What Recent Media Failure Says About Us – Freedom Philosophy


I became convinced in 2012 that science fiction was having a major surge in popularity. Being a science fiction nerd, I was excited about this supposed newfound respect. Science fiction paraphernalia and media littered my newsfeed. I was seeing science fiction podcasts all over YouTube. Pages dedicated to science humour were all over the internet.

The reader can be forgiven if they don’t recall this science fiction renaissance. This was just a matter of Google and Facebook collecting my data more efficiently and presenting me with ads and pages I might be more prone to like, to an extent I had never experienced before.

We always live in echo chambers in some measure, but social media has amplified the echo and done much to seal off the chamber. Traditional media is gearing itself toward likes, shares, and subscribes more than presentations of truth.

I need hardly draw out illustrations of falsehoods in the media for a libertarian audience. The media is given over to stories that push their particular narrative and truth is being increasingly lost.

The latest media truth meltdown occurred with the Catholic student in possession of an unfortunate smile being approached by an aboriginal man protesting the student’s support for Donald Trump. The media, ever so ready to say of that which is white, that it is black, or that which is black that it is white, if it more properly fits their agenda, claimed the opposite in that it was an obnoxious student in protest of an aboriginal elder’s peaceful cultural drumming.

I’m not concerned that the media would be so willing to abandon fact-checking to push their narrative. I’ve been living with this realization for so long that I’ve become dull to the horror of it. I am, however, concerned about our response to it.

The left isn’t concerned with good vs. evil narratives. They’re far more concerned with empowered vs. marginalized narratives. The historically-empowered Catholic Church, in support of a man of privilege in Trump, mocking a historically-marginalized culture in the aboriginals, wasn’t a story they even had the capacity to question or fact-check. It so furthered their narrative that the thought that it could be untrue is beyond them.

Anecdotally, people who were upset by the alleged harassment of an aboriginal elder wanted this story to be true. This lends itself to further polarization.

As C.S. Lewis writes:

“Suppose one reads a story of filthy atrocities in the paper. Then suppose that something turns up suggesting that the story might not be quite true, or not quite so bad as it was made out. Is one’s first feeling, ‘Thank God, even they aren’t quite so bad as that,’ or is it a feeling of disappointment, and even a determination to cling to the first story for the sheer pleasure of thinking your enemies are as bad as possible? If it is the second then it is, I am afraid, the first step in a process which, if followed to the end, will make us into devils.”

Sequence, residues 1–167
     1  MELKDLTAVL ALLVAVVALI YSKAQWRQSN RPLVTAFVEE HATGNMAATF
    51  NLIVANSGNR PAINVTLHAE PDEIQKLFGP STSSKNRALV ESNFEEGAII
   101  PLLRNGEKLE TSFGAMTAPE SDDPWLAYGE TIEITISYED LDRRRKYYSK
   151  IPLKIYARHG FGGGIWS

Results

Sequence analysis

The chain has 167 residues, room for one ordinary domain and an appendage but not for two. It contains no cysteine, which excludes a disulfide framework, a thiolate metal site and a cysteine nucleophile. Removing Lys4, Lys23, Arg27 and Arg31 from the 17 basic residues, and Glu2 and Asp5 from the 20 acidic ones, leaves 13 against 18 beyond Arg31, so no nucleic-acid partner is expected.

The problem with politics is that we aren’t listening to each other. We aren’t having dialogues. We’re having a series of increasingly-angry monologues. We saw it in Brexit. We saw it in the U.S. election. We saw it in Brazil. And we’re seeing it happen in Canada.

In the U.S. we saw the media portray Trump-supporters as xenophobic. There is a degree of truth to this. But there was no discussion with the father of the family of six who saw his health insurance premiums go up by $500/month, and he had no conceivable way of paying this bill after having lost his manufacturing job. When he raised a complaint he was told by the left that he was mansplaining and stood in need of a privilege check – meanwhile Trump offered him a paycheck at the end of a hard day’s work.

We’re becoming more prone to hate rather than listening. The right has become so obsessed with discarding identity politics that they can’t imagine real experiences as the reason why women are afraid to walk home alone at night. Feminists have so much engaged with their own echo chamber that it’s become incomprehensible to them as to why labour economists don’t take the wage gap seriously.

There are no shortages of this happening with people on the right, but the media issue du jour is on the left. We have become so enamoured with our own political narratives that people on the left wanted the Trump supporter to be an obnoxious xenophobe that they became filled with hate even over his smile.

Akin to my actually believing science fiction was becoming more popular, so do the left and the right become more surrounded with their own political ideologies and lose the capacity for self-criticism. The echo chamber solidifies their opinion, and they lose sight of what’s outside the chamber.

This polarization is leading down a dark path. Truth will be further mitigated while narratives are further pushed. Hatred will be amplified. Dehumanizing people who disagree with us will continue. Most importantly, the media continues to collect ratings, likes, shares, and subscribes, by staying relevant via feeding our narratives and enraging our emotions.

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Brandon Kirby

Brandon Kirby has a philosophy degree from the University of New Brunswick and is a current MBA candidate finishing his thesis. He is an AML officer specializing in hedge funds in the Cayman Islands, owns a real estate company in Canada, and has been in the financial industry since 2004. He is the director of Being Libertarian - Canada and the president of the Libertarian Party of Canada.

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